In the case of the controller nodes, a set of nodes and/or the nodes from the controlled node level with proxies, which may be I/O nodes, talk to the core controlled nodes in a large scale cluster. In this view, the size of the top level cluster will be effectively smaller than the total number of bottom level nodes. The nodes with proxies are distributed peers rather than hierarchical controlling nodes. The reason that the system is referred to as “semi-hierarchical” is because an n+1 tier functionality is being provided through an n level system, as further detailed below with reference to FIGS. 3A, 3B, 4 and 5.
 In a first detailed embodiment of the invention, as illustrated in FIGS. 3A and 3B, there are two levels, with each level having a plurality of computers performing similar functionality. The two levels are the controlled level and the controller level. In the system illustrated in FIG. 3A, four controller nodes, 313-316, reside in level 1, 310, and four controlled nodes, 323-326, reside in level 2, 320. By the present invention, as illustrated in FIG. 3B, the controller nodes are partitioned into Tier 1, 350, comprising nodes with administrative authority, namely controller nodes 313 and 314, and Tier 2, 360, comprising controller nodes 315 and 316 which are responsible for cluster management and have the inventive proxy functionality. As illustrated, Tier 2, 360, also encompasses controlled node 323 having the inventive proxy functionality and being associated with the plurality of controlled nodes 324-326. Controlled nodes 324-326 are logically partitioned into Tier 3, 370.
 Therefore, the FIG. 3A system is logically partitioned into three tiers of computer nodes, each tier being a portion of at least one of the levels, with each tier performing at least one of the controlled or controller functions. Tier 1 consists of purely management nodes and is a controller level. Tier 3 consists of purely managed nodes and is a controlled level. Tier 2, the intermediate tier, consists of nodes which have the flexibility to overlap the activities from both controlled and controller levels. While an even partitioning of controller nodes is illustrated, it may be preferable to partition a smaller set of controller resources to the intermediate tier. The semi-hierarchical approach makes it possible to avoid the introduction of more than two levels of hierarchy (used conventionally to manage systems), because of the flexible intermediate level.
 In operation, events from the Tier 3 controlled nodes, 324-326, are monitored by the Tier 2 controlled node with proxy, 323, and can be filtered prior to being communicated to the Tier 2 controller nodes with proxies, 315 and 316. As noted above, proxies can run on one or both of controller and controlled nodes, with filtering provided at one or both proxies. With each proxy running on Tier 2, treating Tier 3 computers or nodes as attached devices or controllable units, the system management and control process as a whole are simplified. Should so-called “heartbeat” information still be required, an additional supervisory component (not shown) can monitor events at the Tier 3 controlled nodes for statistical purposes and then forward the events to the Tier 2 controller node for filtering. In either case, events will flow through the proxy nodes prior to being selectively provided to the Tier 1 controller nodes. Control or management actions in the illustrated system can be sent directly from the Tier 1 controller nodes to the Tier 3 controlled nodes or can, preferably, be sent from the Tier 2 controller nodes to the Tier 3 controlled nodes. This minimizes the apparent size of the managed cluster from the viewpoint of the Tier 1 controller nodes.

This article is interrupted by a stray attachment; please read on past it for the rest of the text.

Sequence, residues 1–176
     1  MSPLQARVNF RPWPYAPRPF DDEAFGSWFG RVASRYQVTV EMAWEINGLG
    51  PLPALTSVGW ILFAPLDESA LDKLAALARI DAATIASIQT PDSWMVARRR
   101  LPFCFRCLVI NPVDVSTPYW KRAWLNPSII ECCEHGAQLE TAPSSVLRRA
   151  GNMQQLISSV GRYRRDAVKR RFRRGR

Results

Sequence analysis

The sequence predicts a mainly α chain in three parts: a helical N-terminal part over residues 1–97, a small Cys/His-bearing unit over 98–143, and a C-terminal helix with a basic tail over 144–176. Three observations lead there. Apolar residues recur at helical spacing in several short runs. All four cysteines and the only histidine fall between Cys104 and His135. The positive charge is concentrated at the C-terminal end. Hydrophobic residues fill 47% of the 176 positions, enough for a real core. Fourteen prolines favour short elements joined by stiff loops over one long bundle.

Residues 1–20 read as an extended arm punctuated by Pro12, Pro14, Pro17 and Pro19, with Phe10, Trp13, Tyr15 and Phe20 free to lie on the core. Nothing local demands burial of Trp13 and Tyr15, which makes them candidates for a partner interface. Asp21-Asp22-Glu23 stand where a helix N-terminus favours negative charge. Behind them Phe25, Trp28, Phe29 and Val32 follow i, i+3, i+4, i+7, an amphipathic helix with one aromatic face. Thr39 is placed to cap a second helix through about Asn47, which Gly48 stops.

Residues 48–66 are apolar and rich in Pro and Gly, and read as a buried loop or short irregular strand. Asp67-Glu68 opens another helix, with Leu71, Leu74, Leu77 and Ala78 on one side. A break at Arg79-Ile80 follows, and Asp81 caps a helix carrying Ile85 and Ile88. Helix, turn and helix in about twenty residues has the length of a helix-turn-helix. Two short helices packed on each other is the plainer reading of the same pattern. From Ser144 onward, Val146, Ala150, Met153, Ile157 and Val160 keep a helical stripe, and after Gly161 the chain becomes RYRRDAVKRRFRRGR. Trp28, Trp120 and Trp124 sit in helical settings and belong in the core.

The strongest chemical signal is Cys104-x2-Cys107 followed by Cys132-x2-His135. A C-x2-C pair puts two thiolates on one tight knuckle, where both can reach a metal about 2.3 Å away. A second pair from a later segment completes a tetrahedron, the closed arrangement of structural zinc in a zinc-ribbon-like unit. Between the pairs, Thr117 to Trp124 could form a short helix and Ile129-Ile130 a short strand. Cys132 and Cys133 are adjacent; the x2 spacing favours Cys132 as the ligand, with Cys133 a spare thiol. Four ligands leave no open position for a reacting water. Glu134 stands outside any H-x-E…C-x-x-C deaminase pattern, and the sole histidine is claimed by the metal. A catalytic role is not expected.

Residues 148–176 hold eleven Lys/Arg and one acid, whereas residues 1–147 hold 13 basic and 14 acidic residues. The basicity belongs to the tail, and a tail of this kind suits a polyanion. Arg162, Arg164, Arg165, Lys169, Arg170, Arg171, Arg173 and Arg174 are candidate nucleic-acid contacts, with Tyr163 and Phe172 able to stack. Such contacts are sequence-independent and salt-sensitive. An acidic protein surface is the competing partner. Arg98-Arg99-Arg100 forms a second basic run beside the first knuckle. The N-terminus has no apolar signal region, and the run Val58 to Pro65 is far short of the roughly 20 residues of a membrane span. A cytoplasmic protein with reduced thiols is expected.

FIG. 4 provides an alternative illustration of a two level, three tier embodiment of the present invention. The two level system includes controller level 410 and controlled level 420. The controller nodes, 412-417, are logically partitioned between two tiers, with controller nodes 412, 413, and 414 being partitioned into Tier 1, 450, to perform purely administrative functions. Controller nodes 415, 416, and 417 are partitioned into Tier 2, 460, and are provided with controller side proxies to perform direct management and event filtering for the controlled nodes of the system. The controlled nodes are logically partitioned into controlled nodes having proxies, nodes 425, 426 and 427, which are found in intermediate Tier 2, 460, and controlled nodes 475-477, 485-487, and 495-497 which are found in Tier 3, 470. Each of the Tier 2 controlled nodes with proxies is associated with a cluster of Tier 3 controlled nodes. Controlled nodes 475, 485 and 495 are associated with, and provide event information to, a Tier 2 controlled node with proxy, node 425. Similarly, controlled nodes 476, 486 and 496 are associated with, and provide event information to, a Tier 2 controlled node with proxy, node 426. Further, controlled nodes 477, 487 and 497 are associated with, and provide event information to, a Tier 2 controlled node with proxy, node 427. As detailed above, the Tier 2 proxies act as interfaces between the Tier 3 controlled nodes and the Tier 1 controller nodes, gathering event information, filtering the gathered event information, and providing filtered event information to the controller nodes. Management actions from the controller nodes are preferably directed through the Tier 2 nodes with proxies with the result being minimization of the apparent size of the cluster of managed resources.